Gunel Guliyeva (member of commission): Do you think that cases of the European Court of Human Rights can somehow contribute to proving that the international crimes have been committed in the course of the Chechen-Russia conflct?

Plaintiff: I have already mentioned that the judgements issued by the European Court of Human Rights on the chechen cases play an important role in proving commission of the international crimes. The European Court of Human Rights delivered more than 100 judgements on the basis of the applications of the Chechens against Russia Federation, and still there are many pending cases of similar character. In most of those cases it has been found that Russia is responsible for violation of fundamental human rights such as the right to not to be subjected to torture, the right to life. As regards follow-up of these cases, Russia was limited only with payment of compensation to the applicants. It has to date failed to hold a single individual accountable for the violations found in these rulings. Failure in execution of the judgments of the European Court is an evidence of the lack of will of Russia to deal with the international crimes in the national level as well. This urges to have recourse to the international mechanisms for achieving justice. Besides, we should take into account that systematic nature of the offences is an intrinsic element of some of the international crimes. In this respect the same violations found almost in most of the ECHR judgments can be helful to prove the commission of some crimes.

Gunel Quliyeva: What are the prospects of inter-state complaints in the European Court of Human Rights for the international crimes that you have mentioned about?

Plaintiff: The inter-state complaints might address only some of the human rights violations committed in the course of the conflict, but it is not a pure tool of international criminal law to redress the international crimes. However, it should be mentioned that number of the inter-state complaints in the practice of the European Court of Human Rights is very few; a political will for the states to file applications against other countries is in general absent. I do not think we can witness the recourse to this remedy against Russia at least in recent future.

Bela Dallakyan (commission member): Do you think it could be useful to establish bodies such as the truth-finding commission? The main aim is to achieve justice for the international crimes committed in the course of the Russian-Chechen conflict. In this respect truth-finding missions or quasi-judicial bodies might be very useful. They could be helful in finding ways to reconcile the parties to the conflict, collecting evidences, even could consider some cases not related with high officials.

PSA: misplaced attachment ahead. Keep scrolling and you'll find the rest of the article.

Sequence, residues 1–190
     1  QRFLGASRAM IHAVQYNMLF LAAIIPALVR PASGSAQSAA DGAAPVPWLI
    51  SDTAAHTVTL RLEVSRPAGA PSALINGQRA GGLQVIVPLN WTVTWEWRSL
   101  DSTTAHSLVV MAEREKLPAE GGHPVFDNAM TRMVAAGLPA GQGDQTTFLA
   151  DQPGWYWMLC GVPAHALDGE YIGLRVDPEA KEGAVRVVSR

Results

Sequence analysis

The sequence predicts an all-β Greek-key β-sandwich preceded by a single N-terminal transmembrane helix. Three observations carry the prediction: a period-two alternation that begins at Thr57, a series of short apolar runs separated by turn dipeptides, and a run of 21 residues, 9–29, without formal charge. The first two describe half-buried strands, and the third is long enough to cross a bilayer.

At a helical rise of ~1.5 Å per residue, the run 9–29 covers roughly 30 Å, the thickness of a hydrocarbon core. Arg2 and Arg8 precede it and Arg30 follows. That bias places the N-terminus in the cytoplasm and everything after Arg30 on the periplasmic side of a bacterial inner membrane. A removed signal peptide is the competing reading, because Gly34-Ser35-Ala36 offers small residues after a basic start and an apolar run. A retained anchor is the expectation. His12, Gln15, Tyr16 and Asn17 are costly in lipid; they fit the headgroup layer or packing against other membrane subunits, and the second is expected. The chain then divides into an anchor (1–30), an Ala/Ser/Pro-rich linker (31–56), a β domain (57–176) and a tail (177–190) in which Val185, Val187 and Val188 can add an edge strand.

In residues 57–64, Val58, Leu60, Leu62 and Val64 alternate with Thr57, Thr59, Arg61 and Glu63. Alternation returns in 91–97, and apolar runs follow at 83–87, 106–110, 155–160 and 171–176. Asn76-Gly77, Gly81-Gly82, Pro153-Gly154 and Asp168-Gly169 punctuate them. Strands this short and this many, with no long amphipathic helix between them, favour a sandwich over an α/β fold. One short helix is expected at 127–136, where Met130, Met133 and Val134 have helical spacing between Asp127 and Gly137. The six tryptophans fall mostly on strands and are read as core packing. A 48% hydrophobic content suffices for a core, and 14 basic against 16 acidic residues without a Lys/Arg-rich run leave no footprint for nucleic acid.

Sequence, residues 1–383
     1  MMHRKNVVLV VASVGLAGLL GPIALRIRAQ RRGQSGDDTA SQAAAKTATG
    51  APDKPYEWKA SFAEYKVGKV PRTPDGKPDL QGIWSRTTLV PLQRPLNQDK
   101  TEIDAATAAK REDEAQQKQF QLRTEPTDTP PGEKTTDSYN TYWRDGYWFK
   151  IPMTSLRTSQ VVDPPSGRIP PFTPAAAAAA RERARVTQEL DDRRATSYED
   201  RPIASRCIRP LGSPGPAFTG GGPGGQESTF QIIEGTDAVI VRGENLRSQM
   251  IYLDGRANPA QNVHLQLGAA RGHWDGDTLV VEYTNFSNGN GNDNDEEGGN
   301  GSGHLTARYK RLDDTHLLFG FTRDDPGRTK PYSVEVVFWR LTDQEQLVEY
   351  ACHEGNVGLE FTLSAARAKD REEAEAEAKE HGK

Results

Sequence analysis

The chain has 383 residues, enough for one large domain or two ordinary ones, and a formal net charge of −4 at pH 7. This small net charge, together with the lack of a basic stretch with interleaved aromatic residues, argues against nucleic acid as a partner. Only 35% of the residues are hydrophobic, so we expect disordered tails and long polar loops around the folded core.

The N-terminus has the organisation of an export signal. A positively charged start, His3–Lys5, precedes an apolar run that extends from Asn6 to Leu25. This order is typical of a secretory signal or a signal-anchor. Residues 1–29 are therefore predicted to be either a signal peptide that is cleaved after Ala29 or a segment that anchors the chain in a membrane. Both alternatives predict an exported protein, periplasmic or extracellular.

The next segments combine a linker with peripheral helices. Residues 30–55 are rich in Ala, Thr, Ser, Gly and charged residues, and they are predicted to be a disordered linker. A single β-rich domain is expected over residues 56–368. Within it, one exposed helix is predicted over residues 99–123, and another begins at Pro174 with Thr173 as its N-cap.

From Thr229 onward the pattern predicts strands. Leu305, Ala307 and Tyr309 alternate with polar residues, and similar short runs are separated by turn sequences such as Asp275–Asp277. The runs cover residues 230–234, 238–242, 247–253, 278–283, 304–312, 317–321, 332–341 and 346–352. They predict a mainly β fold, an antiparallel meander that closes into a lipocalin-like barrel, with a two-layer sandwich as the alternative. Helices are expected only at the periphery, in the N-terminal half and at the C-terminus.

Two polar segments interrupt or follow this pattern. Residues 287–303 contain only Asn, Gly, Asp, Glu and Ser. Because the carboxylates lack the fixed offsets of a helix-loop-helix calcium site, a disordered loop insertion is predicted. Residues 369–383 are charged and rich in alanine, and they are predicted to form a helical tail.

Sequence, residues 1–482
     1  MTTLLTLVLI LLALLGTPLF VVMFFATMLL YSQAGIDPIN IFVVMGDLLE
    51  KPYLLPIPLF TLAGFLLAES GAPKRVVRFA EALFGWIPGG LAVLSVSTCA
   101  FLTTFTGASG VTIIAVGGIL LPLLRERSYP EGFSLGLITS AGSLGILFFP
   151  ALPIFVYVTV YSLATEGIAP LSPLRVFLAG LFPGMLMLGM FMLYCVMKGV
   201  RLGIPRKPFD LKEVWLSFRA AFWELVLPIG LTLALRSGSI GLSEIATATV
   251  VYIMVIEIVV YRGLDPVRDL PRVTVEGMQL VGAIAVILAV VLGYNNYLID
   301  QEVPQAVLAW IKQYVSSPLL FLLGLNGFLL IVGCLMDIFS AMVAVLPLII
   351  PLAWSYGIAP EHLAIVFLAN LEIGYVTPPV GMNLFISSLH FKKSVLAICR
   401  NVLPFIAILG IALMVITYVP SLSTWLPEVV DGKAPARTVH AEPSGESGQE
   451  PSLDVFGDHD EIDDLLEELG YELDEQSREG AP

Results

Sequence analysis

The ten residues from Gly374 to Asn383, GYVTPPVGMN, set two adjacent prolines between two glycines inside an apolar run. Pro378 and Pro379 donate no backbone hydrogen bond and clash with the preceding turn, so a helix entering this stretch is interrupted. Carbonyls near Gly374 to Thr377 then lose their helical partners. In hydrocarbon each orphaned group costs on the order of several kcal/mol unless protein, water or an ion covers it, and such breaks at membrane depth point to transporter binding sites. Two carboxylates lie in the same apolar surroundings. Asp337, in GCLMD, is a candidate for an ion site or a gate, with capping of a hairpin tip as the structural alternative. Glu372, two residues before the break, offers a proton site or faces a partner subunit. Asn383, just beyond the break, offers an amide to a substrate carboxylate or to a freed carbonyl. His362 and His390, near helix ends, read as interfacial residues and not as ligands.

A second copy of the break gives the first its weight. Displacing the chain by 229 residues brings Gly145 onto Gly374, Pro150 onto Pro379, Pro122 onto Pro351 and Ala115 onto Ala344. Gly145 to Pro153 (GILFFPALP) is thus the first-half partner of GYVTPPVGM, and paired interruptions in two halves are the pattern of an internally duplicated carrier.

Niyazi Mehdi (commission member): Are there enough evidences proving that international crimes have been committed in the course of the Chechen-Russia conflict?

Plaintiff: It is really huge and challenging task to prove commission of the international crimes, particularly to collect data on facts. However, there are several NGOs in Russia (*) and in the world that are involved into the fact-finding mission and that collected some data, evidences on international crimes. However, this task should be continued. For these reasons we ask to establish the mechanisms for the international crimes as soon as possible in order to be able to have access to the evidences that are in possession of Russia Federation as well. Besides, we call the international community to support the activity of the NGOs, or individuals who are involved into collecting evidence.

* With the financial support of the National Endowment for Democracy the NGOs called Russian-Chechen Friendship Society and Nijni-Novqorod Fund on Support to Tolerance published study providing useful legal and factual background to the conflict and the crimes committed in the course of the conflict. The collective monography is titled “International Tribunal for Chechnya” (“Международный Трибунал для Чечни: Правовые перспективы привлечения к индивидуальной уголовной ответственности лиц, подозреваемых в совершении военных преступлений и преступлений против человечности в ходе вооруженного конфликта в Чеченской Республике”), 2009; S.М.Dmitriyevskiy (editor), S.М.Dmitriyevskiy, B.I.Qvareli, O.А.Chelisheva;,